Since September 2020, Armenian forces have also shelled civilian areas deep into Azerbaijan, such as Ganja – Azerbaijan’s second largest city (see Map 1) – Barda, Kurdemir and Mingachevir. The entire war has taken place on Azerbaijani territory with no fighting at all in Armenia.

Erosion of Trust in the International System

Despite international recognition of Nagorno-Karabakh and the seven surrounding regions as Azerbaijani territory, the international community has allowed the occupation to persist.

To make matters worse, Armenia decided to expand these territories by attacking Tovuz in June 2020 and began changing the status quo further in its favour with the September 2020 war. This strategy was evident as early as April 2019: While meeting with the Armenian diaspora in New York that month, the Armenian defence minister Davit Tonoyan said that in the event of a new war, his country will seize new territories. “I, as the Defence Minister [of Armenia], say that the option of return of ‘territories for peace’ will no longer exist,” he said.

The world and its international institutions have remained neutral in the face of this most recent Armenian aggression, potentially creating a dangerous global precedent and exacerbating mistrust towards the international legal norms that have been preventing wars for decades.

The case of the Nagorno-Karabakh war illustrates how the international system does not always guarantee security and often selectively implements international laws. The end result could be a precarious one, where other states follow Armenia’s example and take things into their own hands, resulting in violence and unilateral aggression. This danger could be averted if the international community took efforts to – at the very least – make the right statements and set just and fair discourse.

Economic Ramifications

Since gaining independence from the Soviet Union in 1991, Azerbaijan has become one of the strongest economies in the region. According to the European Union’s Eastern Partnership (EaP) Index: “Azerbaijan scores the highest among the EaP countries on sustainable development… According to the World Bank, Azerbaijan entered the top three in the Europe and Central Asia region in the Global Doing Business 2018 rating… Azerbaijan ranked third among emerging economies in WEF’s annual Inclusive Development Index 2018.”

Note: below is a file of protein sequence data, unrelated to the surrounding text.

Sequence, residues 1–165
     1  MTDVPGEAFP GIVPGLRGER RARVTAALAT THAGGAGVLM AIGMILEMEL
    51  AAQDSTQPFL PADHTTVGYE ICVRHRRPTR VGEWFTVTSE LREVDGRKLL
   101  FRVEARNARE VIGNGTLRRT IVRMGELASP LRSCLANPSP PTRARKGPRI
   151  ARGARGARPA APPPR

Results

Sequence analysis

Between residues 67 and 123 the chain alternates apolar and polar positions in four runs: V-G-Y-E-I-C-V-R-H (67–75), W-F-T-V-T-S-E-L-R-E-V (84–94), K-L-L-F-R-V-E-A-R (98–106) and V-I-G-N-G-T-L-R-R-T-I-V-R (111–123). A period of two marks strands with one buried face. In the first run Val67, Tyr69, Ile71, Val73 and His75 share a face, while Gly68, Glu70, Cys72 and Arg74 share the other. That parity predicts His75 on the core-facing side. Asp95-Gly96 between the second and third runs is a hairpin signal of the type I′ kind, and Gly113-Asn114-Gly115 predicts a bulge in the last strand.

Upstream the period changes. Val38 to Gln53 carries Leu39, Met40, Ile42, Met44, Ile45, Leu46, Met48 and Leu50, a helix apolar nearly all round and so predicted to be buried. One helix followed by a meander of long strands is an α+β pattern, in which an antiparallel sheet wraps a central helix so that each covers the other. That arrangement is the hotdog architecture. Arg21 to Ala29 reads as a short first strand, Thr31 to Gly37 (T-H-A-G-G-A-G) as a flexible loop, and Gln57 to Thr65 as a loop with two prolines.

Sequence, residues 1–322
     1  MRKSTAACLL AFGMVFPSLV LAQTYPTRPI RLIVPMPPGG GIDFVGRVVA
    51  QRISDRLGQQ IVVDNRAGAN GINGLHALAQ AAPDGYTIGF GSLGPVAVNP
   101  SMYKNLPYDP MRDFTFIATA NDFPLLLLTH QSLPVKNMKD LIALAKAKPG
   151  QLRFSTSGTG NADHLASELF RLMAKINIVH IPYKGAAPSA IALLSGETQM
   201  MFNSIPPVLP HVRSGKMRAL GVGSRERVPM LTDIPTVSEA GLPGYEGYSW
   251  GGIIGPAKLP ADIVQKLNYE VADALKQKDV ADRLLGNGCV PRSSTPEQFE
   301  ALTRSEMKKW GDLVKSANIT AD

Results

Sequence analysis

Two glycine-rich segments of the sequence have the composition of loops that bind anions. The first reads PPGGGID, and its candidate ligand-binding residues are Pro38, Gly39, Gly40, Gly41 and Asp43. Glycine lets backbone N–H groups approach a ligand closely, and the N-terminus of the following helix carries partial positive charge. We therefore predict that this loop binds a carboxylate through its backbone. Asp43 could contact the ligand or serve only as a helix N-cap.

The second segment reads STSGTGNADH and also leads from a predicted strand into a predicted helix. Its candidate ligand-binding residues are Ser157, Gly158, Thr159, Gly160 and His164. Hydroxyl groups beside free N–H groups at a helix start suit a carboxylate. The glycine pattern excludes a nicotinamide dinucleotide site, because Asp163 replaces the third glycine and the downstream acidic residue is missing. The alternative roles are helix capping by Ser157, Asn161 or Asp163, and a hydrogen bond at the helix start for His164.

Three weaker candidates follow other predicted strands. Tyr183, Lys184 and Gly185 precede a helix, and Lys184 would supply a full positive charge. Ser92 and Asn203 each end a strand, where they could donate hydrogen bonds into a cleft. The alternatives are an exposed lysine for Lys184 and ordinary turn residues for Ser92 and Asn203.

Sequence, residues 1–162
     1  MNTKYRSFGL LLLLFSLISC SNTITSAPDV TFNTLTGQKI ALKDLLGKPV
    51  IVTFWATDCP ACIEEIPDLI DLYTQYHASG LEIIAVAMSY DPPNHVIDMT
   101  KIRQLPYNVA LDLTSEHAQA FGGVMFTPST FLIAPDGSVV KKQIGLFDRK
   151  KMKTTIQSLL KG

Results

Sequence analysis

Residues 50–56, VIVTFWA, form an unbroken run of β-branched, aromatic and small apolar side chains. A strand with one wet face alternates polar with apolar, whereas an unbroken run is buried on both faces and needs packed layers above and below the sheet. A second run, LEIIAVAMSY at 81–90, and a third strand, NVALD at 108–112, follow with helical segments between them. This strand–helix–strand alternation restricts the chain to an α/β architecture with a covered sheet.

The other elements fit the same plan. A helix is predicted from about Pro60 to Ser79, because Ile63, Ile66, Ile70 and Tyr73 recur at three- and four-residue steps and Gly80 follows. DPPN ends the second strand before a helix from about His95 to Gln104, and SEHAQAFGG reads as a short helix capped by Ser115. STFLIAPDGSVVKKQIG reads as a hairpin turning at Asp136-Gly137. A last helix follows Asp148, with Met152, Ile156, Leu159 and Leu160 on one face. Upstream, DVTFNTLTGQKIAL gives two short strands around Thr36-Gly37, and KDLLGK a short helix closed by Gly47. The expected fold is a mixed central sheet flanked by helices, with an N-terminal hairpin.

The Azerbaijani government has on numerous occasions offered to include Armenia in its regional economic projects, provided that the Armenian army withdraws from its territories. But the occupation has hindered Armenia’s inclusion in a number of regional economic projects, thereby strongly impacting the economic development of that country. These projects not only relate to energy, but also other spheres, such as projects involving information and internet connectivity between Asia and Europe, linking South East Asia, India, Central Asia, Azerbaijan, Georgia and Turkey with Europe through fibre optic cables.

Armenia also has the chance to partake in these important projects to boost its own economic development – provided it rethinks the occupation of its neighbour’s land.

The Precarious Status Quo

As a consequence of the ceasefire signed between Armenia and Azerbaijan on 9 November, brokered by Russian president Vladimir Putin, Armenians have to leave each of the occupied regions based on specific deadlines (this does not apply to Armenians who were already living in the occupied areas prior to the first Nagorno-Karabakh war). Other former residents of the occupied regions, who were internally-displaced persons for 26 years, will also be able to return back to their homes.

In the Kalbajar region, extra time was granted for vacating due to winter weather. But the departing Armenians burnt down their homes and forests, cut down trees and left corpses of slaughtered animals in order to make the land uninhabitable for Azerbaijanis. Kalbajar was a predominantly non-Armenian region, so the houses that are being burnt previously belonged to non-Armenians.

For a smooth transition to a new reality and coexistence, Russian peacekeeping troops will be stationed along the contact line for a period of five years, with an automatic extension to another five years if no parties object to this.

Yet, despite the agreement, much of the Armenian population does not yet agree with these terms and Armenians overseas are trying to push resolutions through the parliaments of other countries in support of its position. It’s important that the international community acts to ensure Azerbaijan’s territorial integrity for the sake of regional and international energy security and economic growth.

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Aynur Bashirova is a PhD student from ULB, Belgium, researching the development of Israel's relations with Azerbaijan, 1991-2018. She is a supervisor at the Turkish Industry and Business Association (TUSIAD) and a member of Recherche et Etudes en Politique Internationale (REPI). In 2017, she was a research fellow at Rubin Center (IDC Herzliya), Israel. In 2013, she functioned as a researcher at the Royal Higher Institute for Defense (RHID) in Brussels. She has also been an intern at the European Parliament in 2014 and Council of Europe in 2010 and an assistant at Centre d’Etude de la Vie Politique (CEVIPOL). She has been published widely on the South Caucasus and Israel.